Indian Hills post office affected by national building freeze
A proposed Indian Hills post office is the victim of a nationwide building freeze by the U.S. Postal Service because it is $2 billion to $3 billion in debt.
The Sage View Station was one of 11 projects scheduled to be built in Nevada in 2001.
“We were in the process of trying to secure the site when the freeze hit,” said Postal Service spokeswoman Teresa Rudkin. “When the freeze is off, we are probably going to have to start over again because property is going fast.”
Two post offices in Reno and one in Incline Village also are on the freeze list in Northern Nevada. The rest are in Southern Nevada.
The announcement Thursday was accompanied by a warning from the postal governing board that regular service could be in danger without changes to the laws that regulate operation.
More than 800 planned projects in all states will be affected by the freeze. Postal officials didn’t provide a dollar estimate for the affected work.
While first-class mail went up a penny to 34 cents in January, several increases in other types of mail that had been sought by the agency were rejected or trimmed by the independent Postal Rate Commission.
With rising costs, postal officials now say they face a $2 billion to $3 billion loss this fiscal year. They are planning to apply this summer for another rate increase to take effect next year.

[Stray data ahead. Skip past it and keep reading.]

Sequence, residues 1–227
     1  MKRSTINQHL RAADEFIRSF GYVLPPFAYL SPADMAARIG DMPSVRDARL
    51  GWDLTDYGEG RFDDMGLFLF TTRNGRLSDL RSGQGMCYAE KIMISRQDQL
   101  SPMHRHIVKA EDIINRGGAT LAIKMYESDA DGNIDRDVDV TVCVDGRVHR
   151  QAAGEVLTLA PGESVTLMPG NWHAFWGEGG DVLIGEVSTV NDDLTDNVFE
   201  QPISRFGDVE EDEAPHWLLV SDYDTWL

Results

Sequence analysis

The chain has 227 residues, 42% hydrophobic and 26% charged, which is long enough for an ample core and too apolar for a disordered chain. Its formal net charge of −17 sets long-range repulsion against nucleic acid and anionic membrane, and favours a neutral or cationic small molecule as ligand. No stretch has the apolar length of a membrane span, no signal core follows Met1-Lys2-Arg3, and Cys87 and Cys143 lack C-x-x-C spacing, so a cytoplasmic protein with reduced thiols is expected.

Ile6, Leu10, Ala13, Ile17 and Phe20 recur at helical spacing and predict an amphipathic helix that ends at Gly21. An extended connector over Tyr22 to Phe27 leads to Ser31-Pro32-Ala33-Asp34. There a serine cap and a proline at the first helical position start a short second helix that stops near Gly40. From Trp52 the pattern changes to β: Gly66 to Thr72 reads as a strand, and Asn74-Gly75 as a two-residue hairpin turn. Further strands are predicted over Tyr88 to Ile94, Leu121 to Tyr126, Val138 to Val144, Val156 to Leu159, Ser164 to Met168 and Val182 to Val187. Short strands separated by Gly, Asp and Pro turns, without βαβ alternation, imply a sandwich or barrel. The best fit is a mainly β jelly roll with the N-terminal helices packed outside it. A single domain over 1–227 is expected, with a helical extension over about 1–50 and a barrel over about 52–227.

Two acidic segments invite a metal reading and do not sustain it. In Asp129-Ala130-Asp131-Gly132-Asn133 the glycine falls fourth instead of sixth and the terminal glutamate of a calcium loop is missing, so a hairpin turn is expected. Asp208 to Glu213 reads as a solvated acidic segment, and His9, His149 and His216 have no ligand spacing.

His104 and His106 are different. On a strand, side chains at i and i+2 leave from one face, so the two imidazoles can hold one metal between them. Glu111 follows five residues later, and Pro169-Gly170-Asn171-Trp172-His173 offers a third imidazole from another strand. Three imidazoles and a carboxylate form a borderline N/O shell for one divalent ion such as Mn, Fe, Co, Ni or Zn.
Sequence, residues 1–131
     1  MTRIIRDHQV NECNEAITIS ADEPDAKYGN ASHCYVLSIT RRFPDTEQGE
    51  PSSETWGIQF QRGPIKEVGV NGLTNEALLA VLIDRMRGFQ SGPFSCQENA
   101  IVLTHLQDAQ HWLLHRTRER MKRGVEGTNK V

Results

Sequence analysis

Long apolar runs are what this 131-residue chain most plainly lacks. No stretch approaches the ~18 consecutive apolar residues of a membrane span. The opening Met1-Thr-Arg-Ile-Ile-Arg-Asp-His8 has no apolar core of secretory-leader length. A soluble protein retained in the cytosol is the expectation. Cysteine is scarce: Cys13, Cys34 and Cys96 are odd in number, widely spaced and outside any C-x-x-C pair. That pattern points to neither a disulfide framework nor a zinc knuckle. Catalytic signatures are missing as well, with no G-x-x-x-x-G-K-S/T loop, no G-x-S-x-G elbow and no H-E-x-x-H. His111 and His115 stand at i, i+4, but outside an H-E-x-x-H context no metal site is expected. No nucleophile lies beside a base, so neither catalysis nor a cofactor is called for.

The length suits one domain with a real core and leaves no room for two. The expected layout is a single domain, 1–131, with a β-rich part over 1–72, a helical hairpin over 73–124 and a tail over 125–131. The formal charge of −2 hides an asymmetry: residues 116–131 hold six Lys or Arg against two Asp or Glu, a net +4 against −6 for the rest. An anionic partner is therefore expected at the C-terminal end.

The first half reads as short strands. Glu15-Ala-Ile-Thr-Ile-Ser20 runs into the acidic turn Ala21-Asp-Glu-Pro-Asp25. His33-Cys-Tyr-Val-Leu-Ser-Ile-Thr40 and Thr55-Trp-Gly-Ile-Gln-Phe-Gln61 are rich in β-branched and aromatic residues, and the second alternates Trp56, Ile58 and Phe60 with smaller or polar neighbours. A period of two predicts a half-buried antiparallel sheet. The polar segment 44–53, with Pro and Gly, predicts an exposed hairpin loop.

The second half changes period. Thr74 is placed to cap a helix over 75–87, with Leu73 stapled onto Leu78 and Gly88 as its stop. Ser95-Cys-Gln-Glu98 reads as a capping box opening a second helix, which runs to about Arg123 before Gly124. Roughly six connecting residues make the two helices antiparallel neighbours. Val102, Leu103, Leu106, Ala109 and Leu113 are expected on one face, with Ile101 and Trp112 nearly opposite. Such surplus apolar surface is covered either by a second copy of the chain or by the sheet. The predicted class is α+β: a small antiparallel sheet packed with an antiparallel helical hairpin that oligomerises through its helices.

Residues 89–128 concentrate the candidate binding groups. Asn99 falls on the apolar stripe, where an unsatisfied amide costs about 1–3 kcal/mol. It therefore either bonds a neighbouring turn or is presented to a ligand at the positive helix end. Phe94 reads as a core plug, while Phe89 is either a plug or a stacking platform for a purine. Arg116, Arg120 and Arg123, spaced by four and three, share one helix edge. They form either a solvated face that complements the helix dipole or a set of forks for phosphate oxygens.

After five years in the black, the post office had a $199 million loss last fiscal year.
Among the problems cited by the Postal Service are wage rate increases that exceed the rate of inflation, escalating fuel costs, changes in the type of mail being processed, a communications marketplace marked by increased competition and forecasts calling for the diversion of some first-class mail to electronic alternatives.
The construction and leasing freeze affects facilities that the agency has made commitments to but where construction has not yet begun.
”All new construction, new leasing and expansion planned for 2001 is frozen,” postal spokeswoman Judy de Torok said.
The projects already under way won’t be halted, she added, and a few planned projects will continue if needed for health and safety reasons.
Meanwhile, the universal service that Americans take for granted could be in jeopardy unless laws regulating operations are changed, said the postal governing board.
”Regrettably, our call for an additional rate increase, following so soon after the last one, reflects the fact that the 30-year-old statutory model that governs the Postal Service is in need of change to protect universal service at affordable rates,” said board chairman Robert F. Rider.
For the past several years postal leaders have sought changes in the law to give them more flexibility in changing rates and services to cope with rising costs and changes in competition. Under current rules it takes nearly a year to change rates.
Northern Nevada Post Office projects halted:
— Minden, Sage View Station, 89423
— Crystal Bay, Incline Village branch, 89450
— Reno, Sierra Station, 89506
— Reno, Washington Station, 89503